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Nothing can quite compare to the wall of sound of your favourite band blasting from a stage. The thronging crowds, the excitement hanging in the air, accompanied by the smells of booze and sweat. Once the night ends, there is little evidence of your attendance, save for a foggy memory, perhaps a bruise or two, and that piece of merch you copped on your way out.

Merchandise exists for two reasons for the fans; it acts as a novelty piece to cherish a memory, to say to acquaintances, “I was attended this show/festival/tour.” And to identify as part of a certain community.

In this day and age, we’ve learned that merchandise has a slightly different significance. A global pandemic changes a lot, but luckily for bands, the sale of merch has become a way for fans to directly support their favourite artists when shows were down, which kept most bands afloat during these crazy times.

We know by now that merch is one of the most direct ways of supporting your favourite bands – but how did it all start?

Believe it or not, band merchandise is no new phenomenon. In the late 1950’s to 1960’s, we saw the popularity of the braned tee rise. T-shirts became a way for individuals to express themselves, identify as part of a community, making a statement. People began wearing shirts with political statements, catchy slogans, and moving imagery. As the trend started to gain momentum, bands and musicians started to notice the opportunity to monetize. Elvis Presley was among one of the first artists to have capitalized on merchandise, although it is uncertain whether it was Elvis’ manager or a fan club that designed the first official tee.

01012133 1956 Elvis Presley Shirt FRONT 600x600 1

Original 1956 Elvis Presley Shirt

Unfortunately, every exciting new trend seems to have its downfall. Bootlegging meant that a lot of musicians saw no profit from the sale of merchandise. On the upside, this meant that musicians became increasingly invested in finding ways to monetize and control the sale of their own merchandise.

With the rise of rock in the 1970s…

It became increasingly obvious just how powerful a good piece or merch could be. AC/DCs World Tour in 1979 brought in more cash from merch sales than actual ticket sales. Bands such as The Rolling Stones, KISS, and other famous names saw the golden opportunity and followed suit. And still today, we see their iconic designs on shirts worn by everyone, from die-hard fans to angsty teens that have never heard of the bands. These guys went so hard on this new concept that KISS even sold caskets with their logo on them, but taking the cake has to be The Beetles that had their own line of licorice and wigs. Yes… wigs.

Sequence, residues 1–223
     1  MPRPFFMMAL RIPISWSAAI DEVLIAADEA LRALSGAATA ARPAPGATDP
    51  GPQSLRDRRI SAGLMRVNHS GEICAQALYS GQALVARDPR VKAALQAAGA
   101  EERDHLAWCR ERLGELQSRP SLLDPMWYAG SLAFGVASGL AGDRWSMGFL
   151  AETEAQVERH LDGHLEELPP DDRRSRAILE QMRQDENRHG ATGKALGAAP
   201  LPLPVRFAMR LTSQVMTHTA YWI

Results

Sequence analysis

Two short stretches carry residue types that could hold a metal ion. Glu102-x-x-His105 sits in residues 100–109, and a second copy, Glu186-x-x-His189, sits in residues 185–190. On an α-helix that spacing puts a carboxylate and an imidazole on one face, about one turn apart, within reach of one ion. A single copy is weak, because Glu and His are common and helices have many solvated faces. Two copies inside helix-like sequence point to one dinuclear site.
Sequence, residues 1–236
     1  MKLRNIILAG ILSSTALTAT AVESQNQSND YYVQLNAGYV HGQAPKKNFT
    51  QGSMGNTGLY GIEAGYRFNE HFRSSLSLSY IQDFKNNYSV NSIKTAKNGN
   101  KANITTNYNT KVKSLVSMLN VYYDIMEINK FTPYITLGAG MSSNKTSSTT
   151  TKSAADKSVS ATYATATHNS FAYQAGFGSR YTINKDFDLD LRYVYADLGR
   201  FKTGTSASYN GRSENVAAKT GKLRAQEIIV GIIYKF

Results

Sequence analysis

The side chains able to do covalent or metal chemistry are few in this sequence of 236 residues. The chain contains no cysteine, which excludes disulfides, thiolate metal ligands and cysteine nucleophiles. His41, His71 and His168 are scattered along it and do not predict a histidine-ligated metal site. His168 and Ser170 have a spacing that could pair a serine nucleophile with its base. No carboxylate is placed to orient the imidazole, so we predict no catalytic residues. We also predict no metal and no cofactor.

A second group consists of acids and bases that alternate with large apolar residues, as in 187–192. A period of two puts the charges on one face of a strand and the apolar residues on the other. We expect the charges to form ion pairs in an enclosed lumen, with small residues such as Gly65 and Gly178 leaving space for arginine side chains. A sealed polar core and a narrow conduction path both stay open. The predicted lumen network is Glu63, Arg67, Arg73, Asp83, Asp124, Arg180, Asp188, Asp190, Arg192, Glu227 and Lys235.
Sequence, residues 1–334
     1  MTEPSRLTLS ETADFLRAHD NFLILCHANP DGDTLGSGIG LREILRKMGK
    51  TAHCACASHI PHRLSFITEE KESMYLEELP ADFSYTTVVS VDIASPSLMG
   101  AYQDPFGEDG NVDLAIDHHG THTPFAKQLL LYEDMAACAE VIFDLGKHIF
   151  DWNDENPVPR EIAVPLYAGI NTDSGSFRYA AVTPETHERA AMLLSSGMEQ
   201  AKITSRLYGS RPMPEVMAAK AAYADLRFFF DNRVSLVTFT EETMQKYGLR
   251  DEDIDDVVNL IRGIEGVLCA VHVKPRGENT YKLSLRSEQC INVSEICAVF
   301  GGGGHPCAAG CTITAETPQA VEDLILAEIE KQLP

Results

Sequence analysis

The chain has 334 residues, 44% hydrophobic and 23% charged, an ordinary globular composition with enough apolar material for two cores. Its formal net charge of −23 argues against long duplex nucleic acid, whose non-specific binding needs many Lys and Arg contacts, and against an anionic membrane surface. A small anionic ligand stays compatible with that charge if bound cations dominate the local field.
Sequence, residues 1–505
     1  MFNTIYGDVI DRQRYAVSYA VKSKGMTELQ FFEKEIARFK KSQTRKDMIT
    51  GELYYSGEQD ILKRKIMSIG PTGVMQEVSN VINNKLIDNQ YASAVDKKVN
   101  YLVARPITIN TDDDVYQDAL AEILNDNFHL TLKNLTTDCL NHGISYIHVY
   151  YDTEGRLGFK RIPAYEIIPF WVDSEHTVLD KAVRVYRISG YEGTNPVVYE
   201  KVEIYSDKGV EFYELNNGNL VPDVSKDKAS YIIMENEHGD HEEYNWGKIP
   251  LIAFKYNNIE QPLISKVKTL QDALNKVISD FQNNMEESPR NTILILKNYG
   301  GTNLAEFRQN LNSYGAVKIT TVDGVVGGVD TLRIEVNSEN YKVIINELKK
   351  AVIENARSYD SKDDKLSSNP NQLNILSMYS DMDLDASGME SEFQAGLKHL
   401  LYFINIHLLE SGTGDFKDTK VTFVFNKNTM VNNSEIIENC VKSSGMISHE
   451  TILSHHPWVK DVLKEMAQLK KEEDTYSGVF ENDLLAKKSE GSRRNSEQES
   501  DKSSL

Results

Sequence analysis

The Beatles Wig 1

Today, as sales of vinyl and CDs have dropped drastically, and digital streaming platforms reign supreme, bands rely heavily on the sale of merchandise to make their band as lucrative as possible to fund tours, design work, and studio time. This has also meant that musicians and artists are becoming more and more creative when it comes to design and branding. From striking prints to embroidery, tie-dye to stripey tees, picking out a piece of merch has us all feeling like kids in a candy store.

Merchandise is also no longer limited to the humble T-shirt. Shorts, socks, caps, beanies, stickers, digital downloads, guitar tabs, and stems – you name it, it’s out there. In the last couple of years, we’re also seeing a rise of more conscious merch, with musicians donating profits to raise funds for charities close to their hearts, and designing pieces that raise awareness for social/political issues, such as climate change. But more on this at a later stage. Diving into this topic – it’s pretty evident that merch has come a long way and will be with us for years to come and that’s why we stand by the fact that #merchmatters!

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